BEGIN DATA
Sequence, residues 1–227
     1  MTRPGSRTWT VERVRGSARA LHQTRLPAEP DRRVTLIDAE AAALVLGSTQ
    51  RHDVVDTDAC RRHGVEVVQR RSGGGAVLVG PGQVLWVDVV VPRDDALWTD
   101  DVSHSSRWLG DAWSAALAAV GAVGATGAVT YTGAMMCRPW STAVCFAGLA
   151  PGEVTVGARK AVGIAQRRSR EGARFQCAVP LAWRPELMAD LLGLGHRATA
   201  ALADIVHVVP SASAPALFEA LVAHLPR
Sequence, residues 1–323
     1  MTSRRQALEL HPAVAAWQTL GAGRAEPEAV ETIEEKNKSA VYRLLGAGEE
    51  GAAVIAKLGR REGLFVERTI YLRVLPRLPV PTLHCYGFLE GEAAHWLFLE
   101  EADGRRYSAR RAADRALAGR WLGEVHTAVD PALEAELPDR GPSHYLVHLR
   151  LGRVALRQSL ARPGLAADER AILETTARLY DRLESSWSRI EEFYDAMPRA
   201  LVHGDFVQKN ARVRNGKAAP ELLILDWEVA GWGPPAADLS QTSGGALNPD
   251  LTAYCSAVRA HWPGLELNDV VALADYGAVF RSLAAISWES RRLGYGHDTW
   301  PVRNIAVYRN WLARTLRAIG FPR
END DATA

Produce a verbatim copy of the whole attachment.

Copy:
Sequence, residues 1–227
     1  MTRPGSRTWT VERVRGSARA LHQTRLPAEP DRRVTLIDAE AAALVLGSTQ
    51  RHDVVDTDAC RRHGVEVVQR RSGGGAVLVG PGQVLWVDVV VPRDDALWTD
   101  DVSHSSRWLG DAWSAALAAV GAVGATGAVT YTGAMMCRPW STAVCFAGLA
   151  PGEVTVGARK AVGIAQRRSR EGARFQCAVP LAWRPELMAD LLGLGHRATA
   201  ALADIVHVVP SASAPALFEA LVAHLPR
Sequence, residues 1–323
     1  MTSRRQALEL HPAVAAWQTL GAGRAEPEAV ETIEEKNKSA VYRLLGAGEE
    51  GAAVIAKLGR REGLFVERTI YLRVLPRLPV PTLHCYGFLE GEAAHWLFLE
   101  EADGRRYSAR RAADRALAGR WLGEVHTAVD PALEAELPDR GPSHYLVHLR
   151  LGRVALRQSL ARPGLAADER AILETTARLY DRLESSWSRI EEFYDAMPRA
   201  LVHGDFVQKN ARVRNGKAAP ELLILDWEVA GWGPPAADLS QTSGGALNPD
   251  LTAYCSAVRA HWPGLELNDV VALADYGAVF RSLAAISWES RRLGYGHDTW
   301  PVRNIAVYRN WLARTLRAIG FPR